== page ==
2016: Re-Re-Reading Rut! (or, books 12-15)

Oh, my lord I do not know what has happened to me, but I am in such a reading rut. I’ve got a few non-fiction books going, and I’ve read a few odd things, but for some reason in the past few days, all I have done is re-read books I have easily read at least twice before (at a minimum twice before, some I am sure it more than that). Because they are all re-re-reads, I haven’t been keeping terribly good track of them, but I do know that in the last week I have read:

12. Night Shift, Stephen King

I was probably 13 when I first read this short-story collection (I started my Stephen King reading in the Masconomet Junior High Library), and have re-read it a number of times since then. It absolutely holds up - King is so tight and restrained in the short story genre, and these are early short stories, so there is almost no bloat.  Not as scary as Skeleton Crew (in my opinion, “The Jaunt” is one of the creepiest stories in history), but you have two ‘Salem’s Lot stories, and “The Mangler” and “The Children of the Corn” and the one where the trucks take over. And the one where the bad beer turns the dad to sludge.  All totally entertaining.  And still spooky even after all these years. 

On another note, it has recently come to my attention that ‘Salem’s Lot is much closer to Bath, Me., than I had originally thought (I was thinking it was near Bangor, not Falmouth).  Say safe, sis!!

13. The Road to Yesterday, L.M. Montgomery

This is a weird little short story collection where all the stories mention the Blythes in passing, but none are actually about Anne and her brood. There is another version called The Blythes Are Quoted, which has some interstials about the family, but they are mostly super depressing about how Walter’s death has devastated Anne (I mean, duh, it devastated us all. Walter’s death is my version of Beth’s death or Old Yeller, and basically was a formative experience in my life). Or they are crummy poems. So that version is weirder. These stories are pretty good. Very Montgomery-esque, so if you like that thing (and don’t mind the constant weird references to “Mr. Dr. Blythe”) you’ll like them.  But only for superfans, I think.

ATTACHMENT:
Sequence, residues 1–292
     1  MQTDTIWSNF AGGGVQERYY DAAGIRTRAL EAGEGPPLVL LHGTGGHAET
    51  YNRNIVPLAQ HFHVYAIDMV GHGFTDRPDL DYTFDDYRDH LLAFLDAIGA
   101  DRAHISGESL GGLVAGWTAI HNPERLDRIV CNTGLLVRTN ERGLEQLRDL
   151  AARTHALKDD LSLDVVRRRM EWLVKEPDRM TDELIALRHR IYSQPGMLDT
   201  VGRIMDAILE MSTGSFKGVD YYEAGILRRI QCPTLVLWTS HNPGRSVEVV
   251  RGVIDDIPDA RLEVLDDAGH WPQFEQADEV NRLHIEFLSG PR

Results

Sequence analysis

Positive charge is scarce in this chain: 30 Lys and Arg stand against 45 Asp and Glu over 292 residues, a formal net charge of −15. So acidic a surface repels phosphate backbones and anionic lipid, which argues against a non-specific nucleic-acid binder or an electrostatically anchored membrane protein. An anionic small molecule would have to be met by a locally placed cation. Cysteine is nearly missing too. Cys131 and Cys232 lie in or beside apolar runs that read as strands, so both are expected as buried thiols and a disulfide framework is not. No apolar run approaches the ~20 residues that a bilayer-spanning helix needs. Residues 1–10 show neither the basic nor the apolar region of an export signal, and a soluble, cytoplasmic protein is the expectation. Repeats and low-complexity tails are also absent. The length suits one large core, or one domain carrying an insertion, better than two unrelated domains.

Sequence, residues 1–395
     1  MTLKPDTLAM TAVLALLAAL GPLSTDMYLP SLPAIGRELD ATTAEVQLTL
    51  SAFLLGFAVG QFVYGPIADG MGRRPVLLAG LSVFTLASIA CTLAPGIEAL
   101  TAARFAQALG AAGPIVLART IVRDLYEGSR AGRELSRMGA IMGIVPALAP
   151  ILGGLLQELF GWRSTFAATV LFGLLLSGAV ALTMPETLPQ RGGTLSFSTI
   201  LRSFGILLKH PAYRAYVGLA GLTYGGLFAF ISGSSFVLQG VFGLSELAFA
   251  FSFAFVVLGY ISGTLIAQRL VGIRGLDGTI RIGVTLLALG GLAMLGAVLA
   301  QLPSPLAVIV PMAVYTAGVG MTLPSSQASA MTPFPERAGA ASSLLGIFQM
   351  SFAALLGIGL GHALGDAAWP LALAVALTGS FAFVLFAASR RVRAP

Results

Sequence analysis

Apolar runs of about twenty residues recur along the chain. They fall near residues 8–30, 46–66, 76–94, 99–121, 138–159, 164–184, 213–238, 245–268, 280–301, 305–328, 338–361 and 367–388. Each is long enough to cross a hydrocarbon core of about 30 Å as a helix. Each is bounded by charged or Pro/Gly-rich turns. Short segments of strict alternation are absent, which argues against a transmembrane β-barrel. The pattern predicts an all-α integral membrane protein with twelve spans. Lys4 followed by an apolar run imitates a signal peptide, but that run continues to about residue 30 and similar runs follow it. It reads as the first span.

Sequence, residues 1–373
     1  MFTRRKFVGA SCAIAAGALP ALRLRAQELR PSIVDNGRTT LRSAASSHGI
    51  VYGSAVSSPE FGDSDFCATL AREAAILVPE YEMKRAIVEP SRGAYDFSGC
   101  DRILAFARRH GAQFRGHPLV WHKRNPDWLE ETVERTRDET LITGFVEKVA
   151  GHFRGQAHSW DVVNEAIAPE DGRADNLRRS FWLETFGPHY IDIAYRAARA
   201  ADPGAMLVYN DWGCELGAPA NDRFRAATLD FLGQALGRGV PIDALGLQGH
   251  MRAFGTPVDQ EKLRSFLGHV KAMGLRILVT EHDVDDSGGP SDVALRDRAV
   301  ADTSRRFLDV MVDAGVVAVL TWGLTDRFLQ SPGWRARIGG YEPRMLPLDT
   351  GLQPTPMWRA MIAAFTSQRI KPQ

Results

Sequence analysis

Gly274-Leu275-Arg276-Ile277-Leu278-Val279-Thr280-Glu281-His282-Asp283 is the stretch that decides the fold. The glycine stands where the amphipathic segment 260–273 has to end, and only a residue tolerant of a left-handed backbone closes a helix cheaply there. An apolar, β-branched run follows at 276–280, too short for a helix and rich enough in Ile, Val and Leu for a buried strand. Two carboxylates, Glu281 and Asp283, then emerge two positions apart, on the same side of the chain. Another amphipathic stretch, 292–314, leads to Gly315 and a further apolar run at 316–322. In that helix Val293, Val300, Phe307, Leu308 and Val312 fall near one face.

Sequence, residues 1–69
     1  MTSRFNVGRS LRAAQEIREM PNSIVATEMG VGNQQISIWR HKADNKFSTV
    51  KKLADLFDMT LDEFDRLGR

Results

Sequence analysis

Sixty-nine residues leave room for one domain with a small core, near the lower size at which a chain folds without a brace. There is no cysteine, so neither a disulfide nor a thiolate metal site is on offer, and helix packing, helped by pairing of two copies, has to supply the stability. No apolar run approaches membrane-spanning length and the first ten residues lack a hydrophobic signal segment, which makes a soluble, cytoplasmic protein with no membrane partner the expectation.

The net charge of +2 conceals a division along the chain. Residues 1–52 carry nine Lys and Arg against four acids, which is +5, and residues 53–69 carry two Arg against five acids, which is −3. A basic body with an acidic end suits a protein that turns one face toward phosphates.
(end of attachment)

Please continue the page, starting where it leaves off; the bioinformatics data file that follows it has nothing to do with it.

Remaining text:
14. Death and the Dancing Footman, Ngaio Marsh

Marsh is one of those “Golden Age” queens of crime, and I’m a reasonable fan.  As I’ve said before on the blog (but am too lazy to link too), her books are of varying quality.  Some are so, so good - and earn the tag that is on many of her books that she “writes better than Christie.”  Others are just super dumb and lazily written. Understandable when you write so many, but Christie (barring the ones she wrote very, very late in life, which are just rotten), is much more consistent. And I think her plots are better.  But, that having been said, this is a pretty good one.  A bored rich man decides to throw a weekend party in which everyone hates each other, just to see the fur fly (he calls it “the theater of life”).  Unsurprisingly (at least for a mystery novel) it ends in murder. And a locked room/life threatening snowstorm murder (so no one can get in our out), too.  The characters are types, but pretty good ones, and the solution is satisfying.  I did write on the endpaper, last time I read this, that “it rips off [Sayer’s] Busman’s Holiday” but at least Marsh refers to the Sayers' novel in the text. 

15. Death of an Expert Witness, P.D. James 

I have re-read like, all the P.D. James lately, though mostly at the end of last year.  This one I read last week. It’s a pretty good mystery, set at a forensics lab on a marshy part of England, and has a classic “everyone hated the victim” premise (though you later feel sorry for him). I would say it’s right at the turning point between the earlier, sort of basic Dagliesh novels, and the really, really good ones (like Devices and Desires).  It also is funny because Dagliesh is one of those detectives who never ages and lives forever, so it’s got all this totally ancient forensic science, and if you read all the books he ends up in the age of DNA and so forth. But the atmosphere is good and the solution is satisfying. And the end is poignant, so I say, read it. (Or in my case, re-re-read it).

That’s basically it - I went to the library and got a whole bunch of books today, so hopefully the blog will be more exciting soon.  

© Carrie Dunsmore 2017